Five sentenced after admitting offences relating to Bristol ‘Kill the Bill’ riot

·4-min read

Five people have been sentenced after admitting offences relating to the Kill the Bill riot in Bristol.

The disorder, which followed a peaceful protest in the city on March 21, saw around 500 people march on Bridewell police station.

Protesters set fire to police vehicles outside and smashed the windows of the station.

Kane Adamson, Brandon Lloyd, Kain Simmons and Stuart Quinn previously admitted being part of a group that used or threatened violence outside the police station, causing others to fear for their personal safety.

Yasmin Schneider admitted two counts of outraging public decency during the incident.

Bristol Crown Court heard how some officers feared they would die that night, with many left greatly affected by what happened.

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Speaking after the case, Chief Superintendent Carolyn Belafonte, of Avon and Somerset Police, described the riot as “nothing short of reprehensible”.

“The sustained violence, the likes of which we have not seen in this city or even the country for many years, had absolutely nothing to do with any protest,” she said.

“Dozens of people came together and acted as a mob to attack and injure police officers, set fire to police vehicles and damage a neighbourhood police station.”

She added that she hoped the sentences would serve as a strong reminder that “wanton violence” would not be tolerated.

Adamson, 21, of Lockleaze, Bristol, was jailed for three years and six months for throwing items at officers, as well as threatening them and attacking their shields.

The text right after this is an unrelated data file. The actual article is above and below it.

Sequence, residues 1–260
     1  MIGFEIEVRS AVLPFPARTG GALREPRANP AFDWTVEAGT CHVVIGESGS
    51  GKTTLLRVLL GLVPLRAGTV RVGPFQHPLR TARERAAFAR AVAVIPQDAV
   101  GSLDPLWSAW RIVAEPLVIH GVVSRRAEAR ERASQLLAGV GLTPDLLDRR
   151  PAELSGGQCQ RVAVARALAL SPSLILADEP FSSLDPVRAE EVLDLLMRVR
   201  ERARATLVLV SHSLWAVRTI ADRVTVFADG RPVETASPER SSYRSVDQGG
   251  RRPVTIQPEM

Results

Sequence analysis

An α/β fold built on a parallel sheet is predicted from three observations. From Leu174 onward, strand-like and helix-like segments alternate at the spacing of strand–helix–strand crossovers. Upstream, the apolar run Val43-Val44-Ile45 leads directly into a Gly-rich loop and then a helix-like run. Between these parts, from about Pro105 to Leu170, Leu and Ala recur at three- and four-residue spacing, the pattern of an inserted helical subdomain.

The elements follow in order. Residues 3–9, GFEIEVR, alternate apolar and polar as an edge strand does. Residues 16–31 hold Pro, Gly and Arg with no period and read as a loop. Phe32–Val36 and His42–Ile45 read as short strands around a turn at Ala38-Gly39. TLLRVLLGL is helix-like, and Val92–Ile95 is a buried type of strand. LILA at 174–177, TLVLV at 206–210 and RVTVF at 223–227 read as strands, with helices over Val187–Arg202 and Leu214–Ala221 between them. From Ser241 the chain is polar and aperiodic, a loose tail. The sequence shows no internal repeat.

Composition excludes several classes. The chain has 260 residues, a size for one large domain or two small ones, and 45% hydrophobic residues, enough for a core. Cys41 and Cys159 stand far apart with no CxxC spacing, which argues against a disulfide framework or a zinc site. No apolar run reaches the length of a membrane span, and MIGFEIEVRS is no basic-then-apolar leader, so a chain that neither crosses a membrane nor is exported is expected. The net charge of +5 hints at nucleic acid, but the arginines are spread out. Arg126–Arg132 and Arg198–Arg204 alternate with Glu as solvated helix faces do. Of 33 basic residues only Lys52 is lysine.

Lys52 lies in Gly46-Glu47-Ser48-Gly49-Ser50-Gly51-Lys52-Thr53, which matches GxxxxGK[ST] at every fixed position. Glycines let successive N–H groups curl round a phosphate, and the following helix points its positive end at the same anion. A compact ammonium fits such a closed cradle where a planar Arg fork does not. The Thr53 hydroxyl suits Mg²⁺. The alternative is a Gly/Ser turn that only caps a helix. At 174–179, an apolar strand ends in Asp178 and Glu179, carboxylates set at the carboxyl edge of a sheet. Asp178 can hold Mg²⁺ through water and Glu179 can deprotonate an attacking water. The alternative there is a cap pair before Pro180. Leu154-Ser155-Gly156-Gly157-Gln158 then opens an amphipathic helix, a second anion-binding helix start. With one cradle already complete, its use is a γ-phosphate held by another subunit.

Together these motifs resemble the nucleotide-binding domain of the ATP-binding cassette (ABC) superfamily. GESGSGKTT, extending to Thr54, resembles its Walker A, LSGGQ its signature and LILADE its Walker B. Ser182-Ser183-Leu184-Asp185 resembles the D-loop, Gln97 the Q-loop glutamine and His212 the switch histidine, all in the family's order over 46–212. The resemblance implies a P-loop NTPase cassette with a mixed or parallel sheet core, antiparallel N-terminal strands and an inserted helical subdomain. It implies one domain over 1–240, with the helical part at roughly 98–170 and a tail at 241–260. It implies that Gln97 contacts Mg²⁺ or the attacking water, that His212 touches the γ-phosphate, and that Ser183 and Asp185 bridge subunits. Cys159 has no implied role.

Lloyd, 21, of Henbury, Bristol, was jailed for three years and 11 months for pushing and kicking police shields, kicking an officer and kicking the windows of the police station.

Simmonds, 18, from Springfield, Birmingham, was sentenced to three years and three months at a young offenders’ institution for kicking police shields, the windows of the police station and using a baton to hit a police van.

Quinn, 46, of St Paul’s, Bristol, encouraged others to attack officers, throw items at the police station and damage a police van. He was jailed for three years and three months.

Schneider, 25, from St Paul’s Bristol, was jailed for five months for urinating at the feet of one police officer.

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Avon and Somerset Police said 44 officers were assaulted during the riot.

The damage to the police station and vehicles cost £212,000, while the investigation to identify those responsible is the largest the force has undertaken.

Tens of thousands of hours of footage has been reviewed, hundreds of statements have been taken and dozens of forensic examinations have been carried out.

To date, 75 people have been arrested and 29 people – including the five sentenced on Friday – have been charged.

DCS Belafonte added: “Many of the officers and staff on duty that night will never forget what happened.

“The physical wounds may have healed but the psychological ones may take longer and we continue to make support available to all those who need it.”

Tony Henley, secretary of Avon and Somerset Police Federation, said: “These people were not protesting a cause. They were thugs intent on causing damage and hurting our brave colleagues.

“Forty-four police officers were assaulted that night. It pains us to say some officers thought they would die in the violence and we are fortunate that the physical injuries were not worse than they were.

“Officers were struck, spat on, kicked and punched – some whilst defenceless on the ground. Let that sink in. It’s utterly disgusting – they do not deserve to be treated that way.”

James Le Grys, of the Crown Prosecution Service South West, said those who took part in the violence formed part of an “outbreak group away from the protest and caused havoc” throughout Bristol city centre.

“They chose their route deliberately and targeted the Bridewell Police Station creating a vast amount of damage, fear and disruption,” he said.

“We respect the right to legal protest but when people resort to violence and destruction we will charge offences that reflect the gravity of the criminality.”

He added that criminal proceedings relating to the disorder against other defendants are ongoing and they have the right to a fair trial.

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